Funding the buses, subways, and commuter trains that move Americans around in the nation's urban centers is undergoing radical changes. Cuts in federal spending, the expense of maintaining sometimes decaying infrastructure, large employee costs, and rocketing liability-insurance rates have taken a toll on public transit around the country.
The result has been hefty fare increases and reduction of services in some places. But the problems also have resulted in innovative ideas in financing a public service that nationally has seen an increase in users in the past six years.
Before the 1960s, most mass transit was owned and run privately. During the '60s, local governments took over failing systems, with massive aid from the federal government.
However, as part of the drive to reduce its budget deficit, the federal government has proposed a whopping 65 percent reduction in funds for mass transit in fiscal year 1987, from $3.5 billion to $1.2 billion. In the absence of funds from other sources, municipal leaders say, the proposed cut in federal assistance will have immediate impacts on the local level.
The National Conference of Mayors recently surveyed members on the anticipated effects of the proposed federal cuts.
According to Leonard S. Simon, the assistant executive director of the mayors conference, 83 percent of the cities surveyed said there would be fare increases. Nearly 40 percent said the increase would be at least 50 percent above current levels. Seventy-five percent said there would be route reductions, and 69 percent said there would be a reduction of overall services.
One proposed solution is ``privatization,'' or returning large parts of the nation's mass-transit systems to private ownership. No one believes public transit will fully return to the private sector, but a ``balancing of the scales'' is occurring.
The Department of Transportation's Urban Mass Transit Administration (UMTA) is urging increasing use of the private sector to make mass-transit systems more efficient.
UMTA has proposed a rule that would require a certain percentage of services provided and projects undertaken by each transit authority to be open to competitive bidding. In fiscal year 1987, that percentage would be 5 percent, and it would escalate to 20 percent by 1990.
But those with a stake in mass-transit funding are somewhat skeptical about privatization.
Says Mr. Simon of the National Conference of Mayors, ``No matter what level and what type [of innovative financing] is tried, none could ever be successful enough for the federal government to walk away.''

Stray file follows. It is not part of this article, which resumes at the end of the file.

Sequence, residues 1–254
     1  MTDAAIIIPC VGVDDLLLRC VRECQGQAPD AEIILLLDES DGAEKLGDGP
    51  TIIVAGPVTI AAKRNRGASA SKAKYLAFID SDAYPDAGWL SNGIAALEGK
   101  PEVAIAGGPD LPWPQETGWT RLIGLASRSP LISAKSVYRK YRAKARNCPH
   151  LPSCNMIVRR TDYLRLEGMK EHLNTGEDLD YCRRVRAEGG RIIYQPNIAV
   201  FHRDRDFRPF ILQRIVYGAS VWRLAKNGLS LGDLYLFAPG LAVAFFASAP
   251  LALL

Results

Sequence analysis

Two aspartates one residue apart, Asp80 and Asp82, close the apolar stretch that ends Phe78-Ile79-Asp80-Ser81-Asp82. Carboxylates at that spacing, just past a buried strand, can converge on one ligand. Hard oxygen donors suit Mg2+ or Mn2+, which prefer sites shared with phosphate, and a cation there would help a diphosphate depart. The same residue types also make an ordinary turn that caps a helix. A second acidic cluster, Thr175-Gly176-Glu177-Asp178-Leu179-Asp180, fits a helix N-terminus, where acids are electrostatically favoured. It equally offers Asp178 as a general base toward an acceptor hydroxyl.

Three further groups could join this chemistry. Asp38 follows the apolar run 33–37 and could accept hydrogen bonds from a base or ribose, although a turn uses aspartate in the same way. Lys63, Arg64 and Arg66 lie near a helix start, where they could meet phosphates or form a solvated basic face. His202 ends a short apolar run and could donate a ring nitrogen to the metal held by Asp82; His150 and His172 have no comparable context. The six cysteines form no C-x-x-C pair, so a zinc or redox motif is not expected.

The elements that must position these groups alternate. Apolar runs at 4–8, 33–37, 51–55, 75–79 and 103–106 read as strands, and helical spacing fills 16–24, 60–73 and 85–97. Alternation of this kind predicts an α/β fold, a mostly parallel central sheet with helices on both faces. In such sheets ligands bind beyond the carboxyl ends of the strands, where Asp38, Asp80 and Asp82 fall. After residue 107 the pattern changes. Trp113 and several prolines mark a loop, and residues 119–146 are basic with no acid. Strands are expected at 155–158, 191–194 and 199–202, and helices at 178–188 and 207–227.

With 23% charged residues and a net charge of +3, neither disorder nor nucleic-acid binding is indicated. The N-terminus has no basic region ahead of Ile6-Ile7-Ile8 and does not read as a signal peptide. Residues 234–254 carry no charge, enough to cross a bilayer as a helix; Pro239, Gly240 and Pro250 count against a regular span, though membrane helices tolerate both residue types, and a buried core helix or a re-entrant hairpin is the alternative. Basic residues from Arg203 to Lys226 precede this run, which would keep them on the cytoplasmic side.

Reagan administration officials insist that they will do no such thing, despite the administration's call for deep cuts in federal spending on mass transit. They argue that increasing privatization will lessen the need for deep subsidies.
Jayne Kirkpatrick of the American Public Transit Association says the administration's focus on privatization is just a smoke screen for getting out of the transit business. She points out that many systems already use private contractors to run bus lines or rebuild infrastructure.
There is no way to make a profit in mass transit, she says. ``Our question to proponents is what has changed since the early '60s when many private companies folded?''
Public-transit advocates note that cutting ``unprofitable'' service would have the hardest effect on those who most need public transportation -- the poor, the elderly, the handicapped.
But since it is not likely that there will be funding growth at the federal level, and transit systems will be fortunate to hang onto what they have, there is much interest in new funding ideas that go beyond privatization. The Conference of Mayors has held a series of meetings around the country on financing public transit.
At a recent meeting in New York City, William Shore, president of the Regional Plan Association, advocated greater reliance on earmarked funding sources, instead of yearly grants from general revenue, for mass transit, and taxing groups that benefit most from mass transit, including motorists and land owners whose property values are enhanced by public transit.
The liability-insurance crisis has also hurt transit systems. Ms. Kirkpatrick has heard of systems with insurance increases ranging from 500 percent to 2,000 percent. Some communities have started pooling resources available to pay liability judgments or starting their own insurance programs.
Despite all the gloom, says Mr. Simon of the National Conference of Mayors, public transit is still a growth industry.
``People want it, need it, and will pay for it,'' he says.